Georgia’s election result won’t spread the democracy bug

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An iron fist only for Georgia
An iron fist only for Georgia
Image: AP Photo/Efrem Lukatsky

An eccentric Georgian billionaire has upset the careful script of rigged elections in the former Soviet Union, beating the machine of US-educated President Mikheil Saakashvili. But does Bidzina Ivanishvili’s parliamentary triumph Oct. 1 portend a Georgian contagion, in which neighboring strongmen are threatened by an emboldened citizenry?

The answer, according to people who closely watch the region, is no. One potential victim of any contagion would be oil-rich neighboring Azerbaijan, where President Ilham Aliyev has routinely imprisoned critics and journalists, and broken up protests. But Gemma Ferst, an analyst with the Eurasia Group, says that the Azeri opposition is “very weak and discredited,” and Aliyev too strong to be seriously challenged. In addition, she said, Aliyev has to a degree spread the country’s oil export wealth. “Because of the oil wealth and rising standards of living the state can afford to pay people off to a certain extent in Baku,” the Azeri capital, Ferst said.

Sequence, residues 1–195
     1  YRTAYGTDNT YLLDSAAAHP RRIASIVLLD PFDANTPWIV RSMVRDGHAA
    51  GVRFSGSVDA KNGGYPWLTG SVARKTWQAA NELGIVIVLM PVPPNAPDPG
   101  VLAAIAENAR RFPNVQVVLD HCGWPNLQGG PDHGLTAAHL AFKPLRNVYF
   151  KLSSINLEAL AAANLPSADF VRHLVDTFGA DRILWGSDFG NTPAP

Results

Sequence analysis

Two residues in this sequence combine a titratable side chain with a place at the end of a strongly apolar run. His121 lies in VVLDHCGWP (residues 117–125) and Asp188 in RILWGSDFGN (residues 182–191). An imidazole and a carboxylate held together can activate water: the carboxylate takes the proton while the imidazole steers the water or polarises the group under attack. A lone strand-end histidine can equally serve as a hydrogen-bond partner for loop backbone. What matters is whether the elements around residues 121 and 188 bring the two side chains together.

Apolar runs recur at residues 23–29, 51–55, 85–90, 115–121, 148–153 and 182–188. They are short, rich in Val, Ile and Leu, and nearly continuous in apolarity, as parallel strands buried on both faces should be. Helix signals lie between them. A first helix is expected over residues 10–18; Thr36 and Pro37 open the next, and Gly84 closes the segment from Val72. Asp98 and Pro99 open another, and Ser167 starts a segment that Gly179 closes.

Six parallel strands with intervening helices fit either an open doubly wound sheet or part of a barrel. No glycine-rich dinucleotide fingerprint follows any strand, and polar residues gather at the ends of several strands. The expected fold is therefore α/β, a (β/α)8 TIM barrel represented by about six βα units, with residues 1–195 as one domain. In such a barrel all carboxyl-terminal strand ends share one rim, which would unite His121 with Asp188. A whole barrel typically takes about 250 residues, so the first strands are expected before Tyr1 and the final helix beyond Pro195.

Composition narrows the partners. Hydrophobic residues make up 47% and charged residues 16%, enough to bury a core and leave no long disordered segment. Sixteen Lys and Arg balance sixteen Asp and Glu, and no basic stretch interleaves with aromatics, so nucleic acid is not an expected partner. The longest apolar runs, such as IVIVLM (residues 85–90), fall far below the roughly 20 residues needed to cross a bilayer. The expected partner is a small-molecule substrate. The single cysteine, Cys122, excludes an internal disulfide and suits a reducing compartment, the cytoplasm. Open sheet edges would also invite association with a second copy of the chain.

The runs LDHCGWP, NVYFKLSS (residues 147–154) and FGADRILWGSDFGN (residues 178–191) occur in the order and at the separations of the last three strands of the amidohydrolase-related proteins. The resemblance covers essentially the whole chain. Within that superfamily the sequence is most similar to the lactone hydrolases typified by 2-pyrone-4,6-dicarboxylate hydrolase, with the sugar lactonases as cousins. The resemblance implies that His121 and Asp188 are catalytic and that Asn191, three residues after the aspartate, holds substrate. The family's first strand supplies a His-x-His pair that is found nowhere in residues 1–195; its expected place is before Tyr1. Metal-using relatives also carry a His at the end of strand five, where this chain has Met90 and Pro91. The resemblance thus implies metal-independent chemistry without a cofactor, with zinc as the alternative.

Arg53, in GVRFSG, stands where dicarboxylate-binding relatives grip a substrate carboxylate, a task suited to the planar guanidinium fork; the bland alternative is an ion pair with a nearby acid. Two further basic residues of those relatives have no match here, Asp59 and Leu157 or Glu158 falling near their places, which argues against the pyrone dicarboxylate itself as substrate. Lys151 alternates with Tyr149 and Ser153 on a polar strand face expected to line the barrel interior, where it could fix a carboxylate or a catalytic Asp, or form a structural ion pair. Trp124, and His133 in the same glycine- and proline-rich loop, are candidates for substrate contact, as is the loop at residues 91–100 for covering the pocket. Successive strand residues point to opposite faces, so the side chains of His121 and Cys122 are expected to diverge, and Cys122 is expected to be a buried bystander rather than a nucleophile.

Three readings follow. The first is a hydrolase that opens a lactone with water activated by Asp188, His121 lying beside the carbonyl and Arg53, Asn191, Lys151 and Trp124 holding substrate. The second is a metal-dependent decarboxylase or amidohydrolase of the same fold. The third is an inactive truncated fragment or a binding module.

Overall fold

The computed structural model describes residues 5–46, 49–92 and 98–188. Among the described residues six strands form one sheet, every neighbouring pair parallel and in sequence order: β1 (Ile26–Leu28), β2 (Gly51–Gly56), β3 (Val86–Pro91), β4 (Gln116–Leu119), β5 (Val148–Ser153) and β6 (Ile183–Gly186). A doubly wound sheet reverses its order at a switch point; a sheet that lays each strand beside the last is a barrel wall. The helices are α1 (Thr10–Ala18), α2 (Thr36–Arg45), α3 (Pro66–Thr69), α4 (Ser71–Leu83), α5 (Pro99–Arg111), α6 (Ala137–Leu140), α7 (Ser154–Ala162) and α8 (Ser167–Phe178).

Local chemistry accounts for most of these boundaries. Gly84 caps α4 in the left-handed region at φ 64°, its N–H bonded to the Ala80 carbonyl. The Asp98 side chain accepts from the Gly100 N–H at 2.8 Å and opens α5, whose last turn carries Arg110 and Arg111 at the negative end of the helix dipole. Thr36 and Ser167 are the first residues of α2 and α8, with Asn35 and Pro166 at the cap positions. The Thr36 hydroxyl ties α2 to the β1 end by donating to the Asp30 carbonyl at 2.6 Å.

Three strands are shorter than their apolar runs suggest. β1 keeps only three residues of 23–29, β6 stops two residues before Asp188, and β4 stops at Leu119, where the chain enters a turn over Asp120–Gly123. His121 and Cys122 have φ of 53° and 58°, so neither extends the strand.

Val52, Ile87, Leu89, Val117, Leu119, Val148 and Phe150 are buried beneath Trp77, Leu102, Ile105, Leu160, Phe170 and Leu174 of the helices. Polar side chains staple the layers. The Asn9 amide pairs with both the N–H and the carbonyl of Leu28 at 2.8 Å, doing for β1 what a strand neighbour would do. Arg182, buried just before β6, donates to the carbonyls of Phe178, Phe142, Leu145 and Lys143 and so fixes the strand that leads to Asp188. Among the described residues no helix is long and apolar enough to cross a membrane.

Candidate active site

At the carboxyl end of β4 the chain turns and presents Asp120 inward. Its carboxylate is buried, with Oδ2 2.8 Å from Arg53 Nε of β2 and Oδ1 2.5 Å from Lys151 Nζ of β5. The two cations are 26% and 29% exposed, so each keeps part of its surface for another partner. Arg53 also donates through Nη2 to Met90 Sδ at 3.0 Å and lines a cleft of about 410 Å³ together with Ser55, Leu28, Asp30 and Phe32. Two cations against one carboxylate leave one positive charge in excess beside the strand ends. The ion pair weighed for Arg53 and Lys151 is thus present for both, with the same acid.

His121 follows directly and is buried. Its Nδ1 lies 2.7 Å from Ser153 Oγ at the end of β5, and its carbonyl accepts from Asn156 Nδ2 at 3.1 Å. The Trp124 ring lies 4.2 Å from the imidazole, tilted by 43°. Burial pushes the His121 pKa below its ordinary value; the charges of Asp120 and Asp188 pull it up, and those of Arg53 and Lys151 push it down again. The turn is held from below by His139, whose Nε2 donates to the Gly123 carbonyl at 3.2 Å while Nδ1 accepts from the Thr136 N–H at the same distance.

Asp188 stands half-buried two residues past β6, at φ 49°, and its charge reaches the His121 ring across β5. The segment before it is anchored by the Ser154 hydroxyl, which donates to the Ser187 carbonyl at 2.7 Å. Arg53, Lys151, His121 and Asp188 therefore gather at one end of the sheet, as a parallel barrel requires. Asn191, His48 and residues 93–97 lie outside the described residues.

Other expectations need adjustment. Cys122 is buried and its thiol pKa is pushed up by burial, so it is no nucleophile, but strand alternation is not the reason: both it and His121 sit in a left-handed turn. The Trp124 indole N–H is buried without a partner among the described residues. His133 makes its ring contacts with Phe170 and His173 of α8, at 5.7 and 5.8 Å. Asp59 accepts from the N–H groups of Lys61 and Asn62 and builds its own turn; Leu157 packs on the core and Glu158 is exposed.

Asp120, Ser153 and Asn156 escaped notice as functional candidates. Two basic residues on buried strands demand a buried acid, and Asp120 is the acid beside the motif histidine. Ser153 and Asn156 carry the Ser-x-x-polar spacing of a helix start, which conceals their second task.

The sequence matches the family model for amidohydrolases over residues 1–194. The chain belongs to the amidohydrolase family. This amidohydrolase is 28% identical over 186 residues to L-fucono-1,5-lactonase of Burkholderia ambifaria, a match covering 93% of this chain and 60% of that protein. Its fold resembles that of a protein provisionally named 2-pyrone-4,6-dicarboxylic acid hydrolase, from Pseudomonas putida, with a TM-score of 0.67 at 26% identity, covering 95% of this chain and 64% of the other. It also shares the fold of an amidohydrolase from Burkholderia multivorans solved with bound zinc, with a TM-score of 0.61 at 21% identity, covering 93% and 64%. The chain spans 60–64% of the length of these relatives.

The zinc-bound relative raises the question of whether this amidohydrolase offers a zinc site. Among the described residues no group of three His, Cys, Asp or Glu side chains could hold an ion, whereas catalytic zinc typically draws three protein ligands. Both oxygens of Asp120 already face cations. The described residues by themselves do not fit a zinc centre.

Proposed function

As Aliyev is safe, so is Russian President Vladimir Putin. A wave of protest leading up to the presidential election in March has since been squashed, and new laws are further strangling opposition groups.

However, Georgia’s fraught relations with Moscow might improve. Russia cut off trade relations in 2006, and Putin and Saakashvili openly despise each other. In 2008, following a war between the two countries, Putin told French leader Nicolas Sarkozy that he wanted to hang Saakashvili, and not by the neck either. Ivanishvili, though, has said he wishes to thaw relations with Russia, including resuming trade, and that seems possible with Saakashvili on his way out some time next year, experts say.